That sweet Douglas fir fatwood. Stop me if you’ve heard this one… Growing up in one of the wettest forests in the world, making fire in the rain was something that my dad started teaching me at an early age. However, at the time neither of us knew what was hidden in the old stumps and downed logs that surrounded us.
When I grew up I read about fatwood from pines, but pines aren’t common on the western slopes of the Cascades, so I assumed it was a resource that I didn’t have access too. I eventually found a couple of references online to Douglas fir producing fatwood in the Rockies, so I set out to thump some stumps with an optimistic attitude. You can imagine my elation the first time I cut into a piece of this bright red, lime candy scented, resin-impregnated goodness that makes fire so much easier. I have considered that I may have been lucky learning about it late in life; as I learned a lot getting by without it. These are some of my favorite fatwood clips and photos that I’ve collected over the years. I would eventually like to put together a video showing how to recognize it in this area, and am slowly collecting footage for that purpose; but this post is essentially just eye candy for you sap junkies out there.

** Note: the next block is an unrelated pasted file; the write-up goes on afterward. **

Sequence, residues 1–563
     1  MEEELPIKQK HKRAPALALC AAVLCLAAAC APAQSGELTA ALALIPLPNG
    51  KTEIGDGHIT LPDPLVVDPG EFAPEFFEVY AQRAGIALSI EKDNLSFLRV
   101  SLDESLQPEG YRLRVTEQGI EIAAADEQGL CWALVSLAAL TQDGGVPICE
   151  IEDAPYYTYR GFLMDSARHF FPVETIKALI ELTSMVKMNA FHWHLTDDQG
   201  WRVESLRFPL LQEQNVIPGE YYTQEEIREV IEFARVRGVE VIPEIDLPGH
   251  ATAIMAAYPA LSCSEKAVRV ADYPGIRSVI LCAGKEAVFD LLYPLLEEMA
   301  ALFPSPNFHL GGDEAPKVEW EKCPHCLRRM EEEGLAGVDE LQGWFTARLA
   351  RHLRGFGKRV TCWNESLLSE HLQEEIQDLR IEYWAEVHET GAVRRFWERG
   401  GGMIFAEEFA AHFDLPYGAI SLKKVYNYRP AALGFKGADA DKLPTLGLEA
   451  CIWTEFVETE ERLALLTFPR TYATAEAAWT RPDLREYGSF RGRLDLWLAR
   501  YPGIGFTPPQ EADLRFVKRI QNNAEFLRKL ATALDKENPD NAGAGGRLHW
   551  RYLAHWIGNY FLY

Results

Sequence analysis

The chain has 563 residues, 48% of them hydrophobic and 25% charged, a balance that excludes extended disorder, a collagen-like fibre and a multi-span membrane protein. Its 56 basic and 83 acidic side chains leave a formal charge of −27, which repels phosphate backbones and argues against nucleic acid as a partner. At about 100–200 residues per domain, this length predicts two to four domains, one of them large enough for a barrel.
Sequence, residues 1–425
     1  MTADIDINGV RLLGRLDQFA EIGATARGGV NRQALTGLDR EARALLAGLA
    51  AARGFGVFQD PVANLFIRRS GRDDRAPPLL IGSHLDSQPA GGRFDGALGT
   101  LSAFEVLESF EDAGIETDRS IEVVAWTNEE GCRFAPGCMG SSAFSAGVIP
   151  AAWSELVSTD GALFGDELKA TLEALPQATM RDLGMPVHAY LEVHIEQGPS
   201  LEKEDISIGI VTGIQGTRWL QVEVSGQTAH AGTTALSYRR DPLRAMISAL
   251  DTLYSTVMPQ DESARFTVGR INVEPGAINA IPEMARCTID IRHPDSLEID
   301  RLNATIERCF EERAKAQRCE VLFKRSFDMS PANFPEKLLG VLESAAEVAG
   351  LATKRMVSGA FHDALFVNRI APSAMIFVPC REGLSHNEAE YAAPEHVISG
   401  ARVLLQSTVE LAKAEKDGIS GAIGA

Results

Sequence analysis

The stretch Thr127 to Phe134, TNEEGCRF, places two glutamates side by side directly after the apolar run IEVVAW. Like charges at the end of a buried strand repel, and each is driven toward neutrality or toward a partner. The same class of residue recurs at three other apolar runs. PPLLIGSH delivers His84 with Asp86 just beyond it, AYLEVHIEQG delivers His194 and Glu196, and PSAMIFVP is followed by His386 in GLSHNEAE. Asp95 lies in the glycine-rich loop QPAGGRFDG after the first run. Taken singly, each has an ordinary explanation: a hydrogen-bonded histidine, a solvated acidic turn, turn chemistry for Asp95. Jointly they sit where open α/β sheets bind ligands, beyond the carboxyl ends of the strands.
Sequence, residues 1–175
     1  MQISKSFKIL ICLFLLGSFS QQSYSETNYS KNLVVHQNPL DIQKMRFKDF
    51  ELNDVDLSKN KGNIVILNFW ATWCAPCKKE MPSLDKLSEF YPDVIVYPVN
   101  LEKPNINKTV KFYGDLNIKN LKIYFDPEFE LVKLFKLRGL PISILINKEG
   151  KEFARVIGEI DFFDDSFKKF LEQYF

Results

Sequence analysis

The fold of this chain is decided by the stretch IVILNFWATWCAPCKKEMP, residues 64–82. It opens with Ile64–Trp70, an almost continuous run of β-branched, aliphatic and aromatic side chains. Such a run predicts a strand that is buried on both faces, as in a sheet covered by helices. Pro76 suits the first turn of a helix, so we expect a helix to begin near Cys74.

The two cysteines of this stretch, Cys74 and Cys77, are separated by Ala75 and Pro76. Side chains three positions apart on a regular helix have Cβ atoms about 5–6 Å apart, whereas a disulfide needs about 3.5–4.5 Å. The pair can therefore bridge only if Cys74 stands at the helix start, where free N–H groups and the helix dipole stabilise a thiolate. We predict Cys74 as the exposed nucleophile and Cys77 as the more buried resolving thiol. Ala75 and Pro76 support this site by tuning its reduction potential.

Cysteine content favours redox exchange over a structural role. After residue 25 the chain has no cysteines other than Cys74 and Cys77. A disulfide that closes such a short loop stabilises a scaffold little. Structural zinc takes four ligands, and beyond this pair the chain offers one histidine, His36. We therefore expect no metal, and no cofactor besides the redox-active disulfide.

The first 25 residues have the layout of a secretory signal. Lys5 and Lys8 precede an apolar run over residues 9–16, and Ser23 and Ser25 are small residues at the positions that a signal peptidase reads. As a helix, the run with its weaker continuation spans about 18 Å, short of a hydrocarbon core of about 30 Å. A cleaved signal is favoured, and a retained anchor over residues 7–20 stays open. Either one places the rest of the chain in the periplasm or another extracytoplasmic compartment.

Slate tipped spear with a maple shaft and cedar root binding. Just holding this thing is fun! I don’t know how practical of a tool this would be. You would have to be a lot sneakier than me to use it for hunting, but something like this might at least make you feel better in predator country if you didn’t have any better options. It also seems like it could potentially be useful in other ways ; like perhaps dispatching a deer in a snare (survival only option). I have no idea what would happen with this head if you actually tried to use it; I really just wanted to make a big spear for fun, and am happy with how this came out as a first attempt. The leading edge of the spear is relatively sharp and I went with a rounded point for strength. There is a slight curve to the stone, so I put bevels on the front side only, leading to somewhat of a chisel grind.